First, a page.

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Bakhtiar, Shahrzad, Gamez-Diaz, Laura, Jarisch, Andrea, Soerensen, Jan, Grimbacher, Bodo, Belohradsky, Bernd H., Keller, Klaus-Michael, Rietschel, Christoph, Klingebiel, Thomas, Koletzko, Sibylle, Albert, Michael H. and Bader, Peter (January 2017): Treatment of Infantile Inflammatory Bowel Disease and Autoimmunity by Allogeneic Stem Cell Transplantation in LPS-Responsive Beige-Like Anchor Deficiency. In: Frontiers in Immunology, Vol. 8, 52 [PDF, 1MB]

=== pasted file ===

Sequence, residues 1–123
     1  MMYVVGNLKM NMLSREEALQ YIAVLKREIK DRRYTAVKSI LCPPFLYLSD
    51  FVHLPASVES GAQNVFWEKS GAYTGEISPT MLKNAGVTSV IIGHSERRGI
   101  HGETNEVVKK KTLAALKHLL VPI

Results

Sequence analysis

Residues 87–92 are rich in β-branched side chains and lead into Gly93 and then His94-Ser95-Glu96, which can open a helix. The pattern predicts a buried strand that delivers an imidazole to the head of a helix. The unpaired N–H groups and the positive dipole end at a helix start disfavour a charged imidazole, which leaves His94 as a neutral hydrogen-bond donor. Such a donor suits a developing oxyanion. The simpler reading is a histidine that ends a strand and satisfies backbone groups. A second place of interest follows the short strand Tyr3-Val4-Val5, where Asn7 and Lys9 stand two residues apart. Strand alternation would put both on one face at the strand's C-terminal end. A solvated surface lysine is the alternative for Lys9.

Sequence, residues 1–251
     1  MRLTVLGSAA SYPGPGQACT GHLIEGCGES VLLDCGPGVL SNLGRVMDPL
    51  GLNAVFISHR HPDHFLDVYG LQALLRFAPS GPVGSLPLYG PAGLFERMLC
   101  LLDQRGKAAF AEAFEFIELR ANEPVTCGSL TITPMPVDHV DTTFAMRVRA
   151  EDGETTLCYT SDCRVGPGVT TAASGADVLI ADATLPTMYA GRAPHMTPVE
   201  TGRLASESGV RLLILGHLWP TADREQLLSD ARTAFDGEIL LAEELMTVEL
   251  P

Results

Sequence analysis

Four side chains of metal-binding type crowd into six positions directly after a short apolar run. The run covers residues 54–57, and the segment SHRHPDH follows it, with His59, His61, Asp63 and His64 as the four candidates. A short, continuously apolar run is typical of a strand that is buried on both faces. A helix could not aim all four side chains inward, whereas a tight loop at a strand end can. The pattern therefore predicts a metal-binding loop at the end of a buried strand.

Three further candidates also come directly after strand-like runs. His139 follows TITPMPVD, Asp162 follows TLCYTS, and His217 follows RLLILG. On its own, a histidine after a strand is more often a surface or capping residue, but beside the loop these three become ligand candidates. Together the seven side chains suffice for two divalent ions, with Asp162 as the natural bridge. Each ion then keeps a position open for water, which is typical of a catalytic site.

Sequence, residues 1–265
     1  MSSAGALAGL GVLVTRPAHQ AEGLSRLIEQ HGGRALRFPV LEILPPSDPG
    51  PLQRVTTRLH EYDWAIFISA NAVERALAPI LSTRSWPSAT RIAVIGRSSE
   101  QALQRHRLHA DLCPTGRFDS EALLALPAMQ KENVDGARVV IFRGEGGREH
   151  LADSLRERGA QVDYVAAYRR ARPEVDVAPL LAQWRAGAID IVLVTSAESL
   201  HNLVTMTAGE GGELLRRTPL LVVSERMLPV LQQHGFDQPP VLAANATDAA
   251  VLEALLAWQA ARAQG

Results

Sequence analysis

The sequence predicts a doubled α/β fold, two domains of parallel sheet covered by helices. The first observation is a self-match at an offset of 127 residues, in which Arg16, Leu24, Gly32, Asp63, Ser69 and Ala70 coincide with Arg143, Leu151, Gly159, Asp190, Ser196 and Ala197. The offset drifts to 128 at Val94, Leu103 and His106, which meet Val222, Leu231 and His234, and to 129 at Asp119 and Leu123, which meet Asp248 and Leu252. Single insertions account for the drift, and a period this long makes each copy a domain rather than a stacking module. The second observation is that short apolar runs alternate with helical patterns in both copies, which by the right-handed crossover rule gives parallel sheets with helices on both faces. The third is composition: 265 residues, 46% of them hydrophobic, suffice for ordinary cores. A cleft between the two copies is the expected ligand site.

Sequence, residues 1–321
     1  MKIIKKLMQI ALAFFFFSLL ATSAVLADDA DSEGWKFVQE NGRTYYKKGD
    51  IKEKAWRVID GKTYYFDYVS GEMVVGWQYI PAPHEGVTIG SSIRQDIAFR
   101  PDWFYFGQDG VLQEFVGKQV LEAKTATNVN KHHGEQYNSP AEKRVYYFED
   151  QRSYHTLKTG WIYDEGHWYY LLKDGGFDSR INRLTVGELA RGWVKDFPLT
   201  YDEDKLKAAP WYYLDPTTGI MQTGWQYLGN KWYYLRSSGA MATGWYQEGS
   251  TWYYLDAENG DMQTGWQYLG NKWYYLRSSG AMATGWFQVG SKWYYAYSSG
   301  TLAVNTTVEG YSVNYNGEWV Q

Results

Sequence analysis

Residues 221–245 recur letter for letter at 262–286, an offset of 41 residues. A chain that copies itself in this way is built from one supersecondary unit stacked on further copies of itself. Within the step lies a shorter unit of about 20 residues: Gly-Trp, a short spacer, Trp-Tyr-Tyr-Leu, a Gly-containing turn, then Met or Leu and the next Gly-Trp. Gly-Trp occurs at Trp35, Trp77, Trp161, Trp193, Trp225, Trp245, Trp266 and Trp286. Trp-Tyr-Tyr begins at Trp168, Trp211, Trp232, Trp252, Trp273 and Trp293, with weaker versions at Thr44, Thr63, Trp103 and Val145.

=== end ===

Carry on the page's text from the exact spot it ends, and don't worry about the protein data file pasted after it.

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Inflammatory bowel disease (IBD) in young children can be a clinical manifestation of various primary immunodeficiency syndromes. Poor clinical outcome is associated with poor quality of life and high morbidity from the complications of prolonged immunosuppressive treatment and malabsorption. In 2012, mutations in the lipopolysaccharide-responsive beige-like anchor (LRBA) gene were identified as the cause of an autoimmunity and immunodeficiency syndrome. Since then, several LRBA-deficient patients have been reported with a broad spectrum of clinical manifestations without reliable predictive prognostic markers. Allogeneic hematopoietic stem cell transplantation (alloHSCT) has been performed in a few severely affected patients with complete or partial response. Herein, we present a detailed course of the disease and the transplantation procedure used in a LRBA-deficient patient suffering primarily from infantile IBD with immune enteropathy since the age of 6 weeks, and progressive autoimmunity with major complications following long-term immunosuppressive treatment. At 12 years of age, alloHSCT using bone marrow of a fully matched sibling donor-a healthy heterozygous LRBA mutant carrier-was performed after conditioning with a reduced-intensity regimen. During the 6-year follow-up, we observed a complete remission of enteropathy, autoimmunity, and skin vitiligo, with complete donor chimerism. The genetic diagnosis of LRBA deficiency was made post-alloHSCT by detection of two compound heterozygous mutations, using targeted sequencing of DNA samples extracted from peripheral blood before the transplantation.

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